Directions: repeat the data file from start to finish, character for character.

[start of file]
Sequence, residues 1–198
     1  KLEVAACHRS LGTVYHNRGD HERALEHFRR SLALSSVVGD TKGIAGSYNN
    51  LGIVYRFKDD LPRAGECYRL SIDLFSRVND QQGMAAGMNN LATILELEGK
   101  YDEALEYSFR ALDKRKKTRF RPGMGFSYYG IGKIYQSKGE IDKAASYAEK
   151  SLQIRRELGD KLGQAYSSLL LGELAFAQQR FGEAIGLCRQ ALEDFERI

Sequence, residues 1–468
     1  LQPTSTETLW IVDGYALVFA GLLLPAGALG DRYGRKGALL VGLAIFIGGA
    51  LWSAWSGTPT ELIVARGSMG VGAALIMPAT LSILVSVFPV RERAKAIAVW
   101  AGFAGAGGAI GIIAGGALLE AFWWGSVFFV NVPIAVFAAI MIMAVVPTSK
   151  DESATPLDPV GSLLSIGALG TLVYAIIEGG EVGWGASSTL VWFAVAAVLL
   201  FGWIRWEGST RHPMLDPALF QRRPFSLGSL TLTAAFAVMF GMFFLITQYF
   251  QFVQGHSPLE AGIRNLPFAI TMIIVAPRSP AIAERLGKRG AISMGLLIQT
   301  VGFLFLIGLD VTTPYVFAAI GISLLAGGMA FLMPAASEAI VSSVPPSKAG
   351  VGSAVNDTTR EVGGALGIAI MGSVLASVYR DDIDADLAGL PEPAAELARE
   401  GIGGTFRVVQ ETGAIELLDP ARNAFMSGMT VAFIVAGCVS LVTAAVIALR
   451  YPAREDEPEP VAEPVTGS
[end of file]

Sequence, residues 1–198
     1  KLEVAACHRS LGTVYHNRGD HERALEHFRR SLALSSVVGD TKGIAGSYNN
    51  LGIVYRFKDD LPRAGECYRL SIDLFSRVND QQGMAAGMNN LATILELEGK
   101  YDEALEYSFR ALDKRKKTRF RPGMGFSYYG IGKIYQSKGE IDKAASYAEK
   151  SLQIRRELGD KLGQAYSSLL LGELAFAQQR FGEAIGLCRQ ALEDFERI

Sequence, residues 1–468
     1  LQPTSTETLW IVDGYALVFA GLLLPAGALG DRYGRKGALL VGLAIFIGGA
    51  LWSAWSGTPT ELIVARGSMG VGAALIMPAT LSILVSVFPV RERAKAIAVW
   101  AGFAGAGGAI GIIAGGALLE AFWWGSVFFV NVPIAVFAAI MIMAVVPTSK
   151  DESATPLDPV GSLLSIGALG TLVYAIIEGG EVGWGASSTL VWFAVAAVLL
   201  FGWIRWEGST RHPMLDPALF QRRPFSLGSL TLTAAFAVMF GMFFLITQYF
   251  QFVQGHSPLE AGIRNLPFAI TMIIVAPRSP AIAERLGKRG AISMGLLIQT
   301  VGFLFLIGLD VTTPYVFAAI GISLLAGGMA FLMPAASEAI VSSVPPSKAG
   351  VGSAVNDTTR EVGGALGIAI MGSVLASVYR DDIDADLAGL PEPAAELARE
   401  GIGGTFRVVQ ETGAIELLDP ARNAFMSGMT VAFIVAGCVS LVTAAVIALR
   451  YPAREDEPEP VAEPVTGS